In this classic work of feminist political thought, Iris Marion Young challenges the prevailing reduction of social justice to distributive justice. It critically analyzes basic concepts underlying most theories of justice, including impartiality, formal equality, and the unitary moral subjectivity. The starting point for her critique is the experience and concerns of the new social movements about decision making, cultural expression, and division of labor--that were created by marginal and excluded groups, including women, African Americans, and American Indians, as well as gays and lesbians. Iris Young defines concepts of domination and oppression to cover issues eluding the distributive model. Democratic theorists, according to Young do not adequately address the problem of an inclusive participatory framework. By assuming a homogeneous public, they fail to consider institutional arrangements for including people not culturally identified with white European male norms of reason and respectability. Young urges that normative theory and public policy should undermine group-based oppression by affirming rather than suppressing social group difference. Basing her vision of the good society on the differentiated, culturally plural network of contemporary urban life, she argues for a principle of group representation in democratic publics and for group-differentiated policies. This is a superb book which opens up many new vistas for theorists of justice. Young makes a number of insightful arguments both about the issues that need to be addressed by a theory of justice, and about the kind of theory capable of addressing them.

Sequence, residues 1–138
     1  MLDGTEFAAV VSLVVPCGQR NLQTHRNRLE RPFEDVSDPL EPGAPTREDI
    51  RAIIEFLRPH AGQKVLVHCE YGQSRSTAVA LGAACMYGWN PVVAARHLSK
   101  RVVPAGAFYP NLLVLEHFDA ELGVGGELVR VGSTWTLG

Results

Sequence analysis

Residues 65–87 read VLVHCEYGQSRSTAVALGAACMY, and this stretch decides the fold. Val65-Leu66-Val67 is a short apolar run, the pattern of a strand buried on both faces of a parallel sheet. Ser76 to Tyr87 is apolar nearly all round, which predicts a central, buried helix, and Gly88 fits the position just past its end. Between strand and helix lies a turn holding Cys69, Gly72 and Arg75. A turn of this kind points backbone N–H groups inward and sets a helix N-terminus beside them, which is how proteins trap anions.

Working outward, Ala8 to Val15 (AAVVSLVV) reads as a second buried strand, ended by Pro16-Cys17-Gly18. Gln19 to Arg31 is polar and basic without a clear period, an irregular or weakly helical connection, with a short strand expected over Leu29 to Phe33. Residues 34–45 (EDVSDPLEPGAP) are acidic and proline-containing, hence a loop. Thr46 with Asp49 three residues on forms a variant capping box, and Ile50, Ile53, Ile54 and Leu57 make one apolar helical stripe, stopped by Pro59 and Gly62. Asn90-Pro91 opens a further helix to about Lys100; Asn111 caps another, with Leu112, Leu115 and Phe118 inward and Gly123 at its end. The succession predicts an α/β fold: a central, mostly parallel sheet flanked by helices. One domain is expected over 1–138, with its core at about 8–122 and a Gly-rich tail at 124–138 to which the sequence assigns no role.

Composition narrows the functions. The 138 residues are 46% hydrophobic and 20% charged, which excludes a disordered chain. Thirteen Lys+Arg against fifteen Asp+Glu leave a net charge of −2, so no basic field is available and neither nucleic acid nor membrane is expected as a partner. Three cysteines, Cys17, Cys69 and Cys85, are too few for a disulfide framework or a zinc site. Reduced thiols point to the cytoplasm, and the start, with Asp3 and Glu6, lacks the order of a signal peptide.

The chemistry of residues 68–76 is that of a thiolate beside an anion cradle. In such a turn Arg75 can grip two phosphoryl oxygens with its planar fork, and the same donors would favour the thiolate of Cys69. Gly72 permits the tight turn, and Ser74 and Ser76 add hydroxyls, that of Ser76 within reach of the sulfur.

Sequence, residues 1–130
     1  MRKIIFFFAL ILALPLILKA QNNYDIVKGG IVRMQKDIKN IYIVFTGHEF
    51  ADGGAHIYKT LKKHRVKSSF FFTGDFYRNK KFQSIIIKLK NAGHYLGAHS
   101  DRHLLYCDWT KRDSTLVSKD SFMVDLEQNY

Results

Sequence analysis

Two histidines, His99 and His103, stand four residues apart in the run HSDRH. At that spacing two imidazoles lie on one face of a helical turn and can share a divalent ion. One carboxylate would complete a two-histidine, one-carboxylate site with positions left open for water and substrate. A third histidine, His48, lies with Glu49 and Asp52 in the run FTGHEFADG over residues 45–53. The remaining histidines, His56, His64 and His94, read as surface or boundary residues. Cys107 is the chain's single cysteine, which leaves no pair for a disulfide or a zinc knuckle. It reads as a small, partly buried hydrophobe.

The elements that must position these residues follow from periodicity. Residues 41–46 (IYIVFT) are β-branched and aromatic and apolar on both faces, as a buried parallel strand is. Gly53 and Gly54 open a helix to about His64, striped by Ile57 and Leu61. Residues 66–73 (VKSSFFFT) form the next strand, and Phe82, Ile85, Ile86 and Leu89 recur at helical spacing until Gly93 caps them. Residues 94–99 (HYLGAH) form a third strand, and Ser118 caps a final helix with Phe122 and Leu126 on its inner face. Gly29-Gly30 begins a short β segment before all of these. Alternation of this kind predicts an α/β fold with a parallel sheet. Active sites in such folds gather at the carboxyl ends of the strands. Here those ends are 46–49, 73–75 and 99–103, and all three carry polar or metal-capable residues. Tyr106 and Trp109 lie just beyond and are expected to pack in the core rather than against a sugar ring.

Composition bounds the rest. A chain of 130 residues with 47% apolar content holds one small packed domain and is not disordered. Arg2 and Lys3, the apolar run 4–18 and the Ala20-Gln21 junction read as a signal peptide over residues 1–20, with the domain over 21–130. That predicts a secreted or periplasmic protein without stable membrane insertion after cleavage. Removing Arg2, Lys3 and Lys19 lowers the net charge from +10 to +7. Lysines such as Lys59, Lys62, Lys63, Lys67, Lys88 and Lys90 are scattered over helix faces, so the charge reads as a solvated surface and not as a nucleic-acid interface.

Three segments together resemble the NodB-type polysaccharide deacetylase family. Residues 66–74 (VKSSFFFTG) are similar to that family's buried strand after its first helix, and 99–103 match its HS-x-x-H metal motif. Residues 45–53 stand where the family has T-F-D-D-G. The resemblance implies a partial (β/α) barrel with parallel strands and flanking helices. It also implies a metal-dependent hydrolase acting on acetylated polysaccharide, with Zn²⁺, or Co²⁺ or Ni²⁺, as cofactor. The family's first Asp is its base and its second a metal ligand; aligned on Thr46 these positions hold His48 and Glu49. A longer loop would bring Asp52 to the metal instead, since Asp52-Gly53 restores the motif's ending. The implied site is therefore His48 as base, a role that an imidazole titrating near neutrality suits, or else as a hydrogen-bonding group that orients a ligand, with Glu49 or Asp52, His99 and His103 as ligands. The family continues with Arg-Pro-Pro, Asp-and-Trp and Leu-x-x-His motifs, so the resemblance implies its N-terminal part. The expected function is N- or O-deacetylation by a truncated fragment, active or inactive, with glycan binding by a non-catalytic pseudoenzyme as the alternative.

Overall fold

Creating a system that provides quality education and training for all - young and old, regardless of race, class, or gender - is probably the greatest developmental challenge facing the South African government today. Women (and girls), particularly those of African origin, have been largely excluded from analyses of South African education. This article seeks to address this gap in the literature by examining South Africa's educational progress generally and that of its women specifically, especially African women, along with a discussion of the factors affecting the education of women in South Africa and possibilities for future redress.